Lawmaker Blames 'Lack of Urgency' for Sluggish Military Records Processing

Rep. Warren Davidson of Ohio
Rep. Warren Davidson, R-Ohio, speaks on the floor of the House of Representatives at the U.S. Capitol in Washington, Thursday, April 23, 2020. (House Television via AP)

Some lawmakers are fed up with the National Personnel Records Center, or NPRC, falling behind by nearly 500,000 military record requests critical for benefits. And the center still lacks a plan to overcome a year of limited operations due to the COVID-19 pandemic. 

"They're good folks, but I didn't see a sense of urgency," Rep. Warren Davidson, R-Ohio, said in an interview with "The backlog is actually growing. Congress reacted and sent them money. We've been alarmed; we gave them more resources and yet the problem grows."

Last year, former President Donald Trump signed a $2.3 trillion coronavirus relief and government funding bill that included $15 million for the NPRC to combat the backlog, add resources for staff to work remotely and hire temporary employees. The funding also included a stipulation that the center could not furlough employees. 

Read Next: 140 Former NatSec Officials Demand 9/11-Style Commission on Capitol Riots

A spokesperson for the NPRC said that ensuring a safe work environment is the center's top priority and that its employees are in the midst of being vaccinated.

"The staff at NPRC, many of whom are also veterans, have served with distinction throughout the pandemic, responding to over 167,000 requests from veterans, many of which involved burials, medical emergencies, homeless veterans seeking shelter, and comparable emergencies," the spokesperson said. 

Davidson toured the NPRC's St. Louis facility Monday and said he was shocked that there isn't a timeline or plan to get the backlogged requests processed. The NPRC spokesperson said that it is "achieving some success" digitizing its vast library of records, which will make it easier to serve veterans electronically. 

Most records for veterans who left the service in the past two decades are available electronically, but those whose records exist only on paper rely on human assistance to access them. Personnel records can be required for disability claims, proof of veteran status for other benefits, documentation in lawsuits and personal archives.

Yet the backlog continues to grow while the NPRC waits for updated guidance from the Biden administration. 

"We do not have a firm timeline for returning to 100% occupancy of the facility," the NPRC spokesperson said. "We have been and will continue to follow the guidance of the administration regarding COVID-19 safety protocols, including its guidance regarding safe occupancy limitations in federal facilities."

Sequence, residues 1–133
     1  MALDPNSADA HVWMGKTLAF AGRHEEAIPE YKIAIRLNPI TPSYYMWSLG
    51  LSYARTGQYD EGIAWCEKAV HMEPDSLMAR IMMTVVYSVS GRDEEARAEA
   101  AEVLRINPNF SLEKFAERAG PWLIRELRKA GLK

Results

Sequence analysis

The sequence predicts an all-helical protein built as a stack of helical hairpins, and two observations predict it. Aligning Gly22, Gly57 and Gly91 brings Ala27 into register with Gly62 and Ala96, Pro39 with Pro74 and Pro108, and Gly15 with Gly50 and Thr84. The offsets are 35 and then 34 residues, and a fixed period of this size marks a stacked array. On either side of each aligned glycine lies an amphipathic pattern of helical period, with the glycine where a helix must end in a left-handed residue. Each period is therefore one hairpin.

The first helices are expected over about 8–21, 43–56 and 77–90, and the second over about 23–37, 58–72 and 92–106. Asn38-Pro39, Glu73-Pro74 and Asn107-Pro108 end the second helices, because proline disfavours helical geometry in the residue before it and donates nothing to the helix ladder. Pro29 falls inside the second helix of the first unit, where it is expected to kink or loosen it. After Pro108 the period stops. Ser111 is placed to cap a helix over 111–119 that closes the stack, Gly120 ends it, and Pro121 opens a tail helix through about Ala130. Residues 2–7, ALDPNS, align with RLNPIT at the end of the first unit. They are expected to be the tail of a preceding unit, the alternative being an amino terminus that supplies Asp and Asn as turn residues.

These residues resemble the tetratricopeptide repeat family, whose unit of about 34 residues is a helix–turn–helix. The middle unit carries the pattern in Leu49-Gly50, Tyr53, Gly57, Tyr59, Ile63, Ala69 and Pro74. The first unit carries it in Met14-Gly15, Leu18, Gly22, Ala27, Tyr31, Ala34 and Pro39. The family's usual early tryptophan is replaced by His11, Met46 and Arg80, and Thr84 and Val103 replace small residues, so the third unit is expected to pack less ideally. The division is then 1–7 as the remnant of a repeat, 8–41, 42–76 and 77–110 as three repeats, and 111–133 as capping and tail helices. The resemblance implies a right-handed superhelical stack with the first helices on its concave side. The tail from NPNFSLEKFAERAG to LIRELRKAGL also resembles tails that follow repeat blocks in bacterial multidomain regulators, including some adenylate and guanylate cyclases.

The NPRC is working at 25% capacity, which equates to 187 staff on site operating in two shifts per day and on weekends, according to the spokesperson. Some of its work is also being conducted by employees remotely. 

The center also is adding 100 additional staff to boost its attempt to catch up. There have been 63 cases of COVID-19 exposure at the facility, which requires a deep cleaning of the building and the staff to be quarantined, significantly bogging down the workflow. 

Davidson and other legislators plan to meet with White House staff soon to discuss the problem that has had Congress' attention since November, when a bipartisan group of 233 lawmakers wrote a letter to the head of the NPRC amid mounting concerns from constituents unable to access their records. 

"Some of this stuff are things that need to be turned around in a day or two -- for example, records to show eligibility for burials," Davidson said. "I saw a record request for a funeral from January." 

Davidson argues that the St. Louis building where records are processed is a massive and open warehouse, meaning it could be safe to bring in more employees. According to guidance from the Centers for Disease Control and Prevention, the coronavirus is less likely to spread in large spaces as opposed to tight office environments.

"If you need the National Guard to deploy to help file records faster while in Hazmat suits, sure. … I mean, there has to be a way to accomplish the mission. We've sent in millions of dollars, and the problems have only grown," Davidson added. 

-- Steve Beynon can be reached at Follow him on Twitter @StevenBeynon.


Related: 'Significant Anxiety and Hardship:' 233 Lawmakers Call for Military Records Processing to Resume


Story Continues